“If I am here as president of the Council of Ministers, with the representatives of ministries, it is because we recognize that your demands are legitimate and fair“, said Vásquez on Friday, after emphasizing the historical abandonment of those communities due to” the indifference of a State that thought that economic growth was sufficient. “
In her speech in Ayacucho, the premier was emphatic that the objective is not to extend the term of exploration or exploration concessions for companies, but rather to terminate and close the mining activity “as immediately as possible.” The next day, due to the controversy generated, he qualified his statements.
“Mining operations that already have a planned closing date must do so properly and in compliance with the standards and deadlines of the law. The recovery of the basin is our signed commitment with the south of Ayacucho. It does not mean unilateral closure, “he said.
Controversy on doors
With a scheduled schedule or not, the move announced by Vásquez comes at a time of relative turbulence within the Peruvian government, which has had to overcome the first 100 days of management amid scandals, resignations of ministers and a lively struggle with the opposition in The congress.
However, it is not a spontaneous measure. The decision occurs after months of protests by communities of the mining areas of Peru, which not only denounce the contamination of the environment, but also point out the companies in charge of the deposits of being responsible for territorial conflicts, violence, displacement, deforestation and persecution of environmental leaders and defenders.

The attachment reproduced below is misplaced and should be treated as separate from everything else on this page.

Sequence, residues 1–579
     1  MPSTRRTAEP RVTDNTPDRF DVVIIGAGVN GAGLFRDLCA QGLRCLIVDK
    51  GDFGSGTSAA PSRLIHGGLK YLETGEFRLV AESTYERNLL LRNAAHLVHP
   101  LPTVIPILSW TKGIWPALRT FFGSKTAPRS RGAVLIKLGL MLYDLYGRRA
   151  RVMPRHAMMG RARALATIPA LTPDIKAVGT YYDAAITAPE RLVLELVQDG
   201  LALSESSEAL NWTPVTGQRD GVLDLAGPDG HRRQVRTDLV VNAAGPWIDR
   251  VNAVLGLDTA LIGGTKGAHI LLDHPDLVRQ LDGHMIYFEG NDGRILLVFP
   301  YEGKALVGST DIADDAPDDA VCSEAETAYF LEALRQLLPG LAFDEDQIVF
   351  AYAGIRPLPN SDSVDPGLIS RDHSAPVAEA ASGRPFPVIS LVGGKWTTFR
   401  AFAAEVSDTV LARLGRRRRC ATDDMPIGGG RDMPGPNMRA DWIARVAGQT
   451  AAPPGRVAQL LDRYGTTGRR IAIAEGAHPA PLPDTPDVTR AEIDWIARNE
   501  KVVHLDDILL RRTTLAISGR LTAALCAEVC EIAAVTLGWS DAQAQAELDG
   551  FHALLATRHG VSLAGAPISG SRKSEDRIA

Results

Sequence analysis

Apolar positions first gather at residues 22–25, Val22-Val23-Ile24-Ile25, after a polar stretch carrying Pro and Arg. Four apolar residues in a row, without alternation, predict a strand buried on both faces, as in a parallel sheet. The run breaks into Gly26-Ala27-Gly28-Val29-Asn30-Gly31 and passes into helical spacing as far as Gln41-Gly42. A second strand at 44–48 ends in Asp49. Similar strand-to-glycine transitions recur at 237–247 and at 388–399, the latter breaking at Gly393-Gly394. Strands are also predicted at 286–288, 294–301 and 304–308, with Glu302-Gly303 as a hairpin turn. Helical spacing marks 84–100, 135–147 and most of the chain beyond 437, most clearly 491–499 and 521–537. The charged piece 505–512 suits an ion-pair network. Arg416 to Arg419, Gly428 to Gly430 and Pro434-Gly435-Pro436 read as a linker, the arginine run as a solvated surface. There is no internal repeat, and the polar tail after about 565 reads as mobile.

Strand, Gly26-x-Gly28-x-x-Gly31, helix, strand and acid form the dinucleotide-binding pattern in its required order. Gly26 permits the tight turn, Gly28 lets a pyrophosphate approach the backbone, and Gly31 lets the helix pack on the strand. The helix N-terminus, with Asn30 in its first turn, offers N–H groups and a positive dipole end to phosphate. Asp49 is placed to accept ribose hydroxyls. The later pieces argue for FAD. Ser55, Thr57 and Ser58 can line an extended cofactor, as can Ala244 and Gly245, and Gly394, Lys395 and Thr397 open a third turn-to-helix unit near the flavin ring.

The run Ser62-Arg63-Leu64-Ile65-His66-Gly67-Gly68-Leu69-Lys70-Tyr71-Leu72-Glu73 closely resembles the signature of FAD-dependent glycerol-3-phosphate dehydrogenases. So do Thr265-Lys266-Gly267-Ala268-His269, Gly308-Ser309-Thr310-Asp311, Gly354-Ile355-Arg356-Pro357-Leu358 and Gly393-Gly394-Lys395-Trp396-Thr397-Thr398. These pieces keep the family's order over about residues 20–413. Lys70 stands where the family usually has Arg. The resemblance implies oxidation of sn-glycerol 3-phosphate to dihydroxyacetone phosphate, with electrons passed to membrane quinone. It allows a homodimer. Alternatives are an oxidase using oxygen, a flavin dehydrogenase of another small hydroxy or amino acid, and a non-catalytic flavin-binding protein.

Blockades, road closures and confrontations with the police were the most visible expression of the different mining conflicts, such as that of Las Bambas (Apurímac) and Aruntani Tucari, (Moquegua). In this context, the minister decided to go to the area together with other officials to establish an “active dialogue” with the population and respond to their demands. The problem is that the requests of the population collide with the economic interests of the mining companies, in a country that is the second largest producer of copper in the world and whose finances depend, to a large extent, on taxes on this activity.
“The prime minister is going over the rule of law, attributing powers that she does not have by law and assuming functions that correspond to other instances of the State“Accused the president of the National Confederation of Private Business Institutions (CONFIEP), Oscar Caipo. That union, which groups together the largest mining corporations in the country, acknowledged that although closure schedules have been established, they planned to extend those deadlines .
Peruvian law, while contemplating compliance with closing deadlines, also leaves the window open to modifying schedules, should regulators so determine, an issue that multinationals seemed to take for granted.
For now, the Energy and Mines Commission of Congress has asked Vásquez to appear this Wednesday to explain the scope of the agreement with the communities in Ayacucho and the technical criteria for the closure of the deposits.
Meanwhile, the Ministry of Energy and Mines issued a statement to insist that Peru is a “purely mining” country and is willing to offer guarantees to investors in the sector, which participates in “13.5% of GDP and 62% of exports “, provided that the companies are” within a comprehensive and sustainable development approach, and harmonious relationship with the peoples and communities adjacent to the mining projects, oriented to the benefit of the development of the great majority “.